GUEST

COMMENT

the crossroads. To quote the teens whose very identity is mired in what is perhaps the longest of life’s crossroads, it can really suck. Like you’ve put on the wrong size underwear, or are saddled with a perpetual head cold. But crossroads are good for us, too. Sometimes they are a space worth dwelling in—inhabiting for a while. Often, without knowing it, we’re saying goodbye. To an old self, to an old life. Perhaps it’s a time to be still, be patient. After all, the new buds don’t burst into flower the day the last leaf falls. And it may not look like it, but that “in-between” time is often filled with tremendous progress and change. Call it chemical, call it psychological. Call it nature doing its silent work of re-tooling. If you’ve been at a crossroads—and I’d argue we all have—you understand. And if you’re there now, take heart. What you’re doing now is important. And if you can, honour it. Crossroads, by definition, remake us. And they’re also a brief stop on the journey. ◆ Chris Bryan is editor of the New Westminter News Leader, a Black Press newspaper.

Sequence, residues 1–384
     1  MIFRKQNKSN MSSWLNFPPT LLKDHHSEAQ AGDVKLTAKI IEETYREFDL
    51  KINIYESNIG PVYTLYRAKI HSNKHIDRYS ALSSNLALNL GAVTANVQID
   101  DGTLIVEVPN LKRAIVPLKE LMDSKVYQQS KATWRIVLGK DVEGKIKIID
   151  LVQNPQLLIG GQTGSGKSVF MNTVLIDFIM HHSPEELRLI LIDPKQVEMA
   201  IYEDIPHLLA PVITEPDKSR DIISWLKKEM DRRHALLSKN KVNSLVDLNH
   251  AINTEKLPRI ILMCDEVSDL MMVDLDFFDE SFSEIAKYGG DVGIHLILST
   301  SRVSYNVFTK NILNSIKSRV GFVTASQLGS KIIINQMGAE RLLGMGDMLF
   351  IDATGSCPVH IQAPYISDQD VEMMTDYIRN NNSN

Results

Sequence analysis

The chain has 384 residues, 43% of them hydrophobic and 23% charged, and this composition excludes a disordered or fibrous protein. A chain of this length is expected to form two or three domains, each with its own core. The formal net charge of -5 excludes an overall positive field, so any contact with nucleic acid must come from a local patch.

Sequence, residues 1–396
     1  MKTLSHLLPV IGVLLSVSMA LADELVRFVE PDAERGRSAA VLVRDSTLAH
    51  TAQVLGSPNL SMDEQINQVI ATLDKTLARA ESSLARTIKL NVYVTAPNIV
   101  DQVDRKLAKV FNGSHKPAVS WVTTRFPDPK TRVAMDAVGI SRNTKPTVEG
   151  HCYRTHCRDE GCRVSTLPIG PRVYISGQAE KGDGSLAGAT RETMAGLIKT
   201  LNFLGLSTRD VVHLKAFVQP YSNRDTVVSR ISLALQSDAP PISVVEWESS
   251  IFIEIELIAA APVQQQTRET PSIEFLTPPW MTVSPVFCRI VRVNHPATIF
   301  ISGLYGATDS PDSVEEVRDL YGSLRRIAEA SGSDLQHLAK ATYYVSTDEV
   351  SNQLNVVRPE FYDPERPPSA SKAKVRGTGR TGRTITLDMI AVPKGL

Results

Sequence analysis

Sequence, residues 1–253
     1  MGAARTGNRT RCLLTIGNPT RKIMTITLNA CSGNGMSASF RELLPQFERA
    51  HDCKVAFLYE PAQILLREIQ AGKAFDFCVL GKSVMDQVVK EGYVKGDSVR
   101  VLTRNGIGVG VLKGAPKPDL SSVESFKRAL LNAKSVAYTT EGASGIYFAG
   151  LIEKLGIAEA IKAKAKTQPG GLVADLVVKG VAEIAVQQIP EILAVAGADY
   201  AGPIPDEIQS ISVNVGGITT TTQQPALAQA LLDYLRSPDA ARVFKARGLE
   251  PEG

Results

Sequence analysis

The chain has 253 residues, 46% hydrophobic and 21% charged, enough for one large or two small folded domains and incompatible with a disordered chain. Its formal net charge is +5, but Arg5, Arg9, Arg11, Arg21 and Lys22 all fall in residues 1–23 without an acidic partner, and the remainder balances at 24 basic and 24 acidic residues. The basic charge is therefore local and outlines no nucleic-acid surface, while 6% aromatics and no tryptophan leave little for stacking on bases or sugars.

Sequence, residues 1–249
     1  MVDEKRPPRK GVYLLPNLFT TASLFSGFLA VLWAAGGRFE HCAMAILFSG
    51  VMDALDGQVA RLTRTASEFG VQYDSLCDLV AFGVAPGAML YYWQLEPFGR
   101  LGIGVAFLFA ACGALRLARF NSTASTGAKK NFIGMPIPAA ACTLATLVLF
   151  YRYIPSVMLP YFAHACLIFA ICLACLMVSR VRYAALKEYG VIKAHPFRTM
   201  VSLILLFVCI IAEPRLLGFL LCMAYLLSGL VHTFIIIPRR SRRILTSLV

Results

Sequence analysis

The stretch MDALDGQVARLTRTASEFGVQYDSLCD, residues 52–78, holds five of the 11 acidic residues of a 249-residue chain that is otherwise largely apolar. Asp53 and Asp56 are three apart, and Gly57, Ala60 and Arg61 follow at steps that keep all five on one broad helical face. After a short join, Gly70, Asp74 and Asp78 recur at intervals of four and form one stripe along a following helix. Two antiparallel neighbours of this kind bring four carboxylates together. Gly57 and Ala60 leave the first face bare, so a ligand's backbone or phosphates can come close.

The secret is not to give up on yourself, not to let the fear take over.

editor@nanaimobulletin.com

– Constanta Jarvis, page 5


LETTERS

Saturday, January 19, 2013 Nanaimo News Bulletin

Idle movement should change approach To the Editor, Re: Idle No More Protest Set For Maffeo Sutton, Jan 8. F National aboriginal chiefs and the Republican Party share a number of similarities – both have been unable to analyze the constituent groups that make up Canada and the United States. Times are changing and the demographics in each country are very clear as to what are the important issues. For aboriginals, road blocks, train delays and threats are not viewed by the common folk as popular strategies to influence government. Neither the GOP nor the aboriginal chiefs have developed a platform with thoughtful planks to persuade citizens or the government. Both require national conventions where policy can be developed through priority and consensus. Moreover, intensive analysis of today’s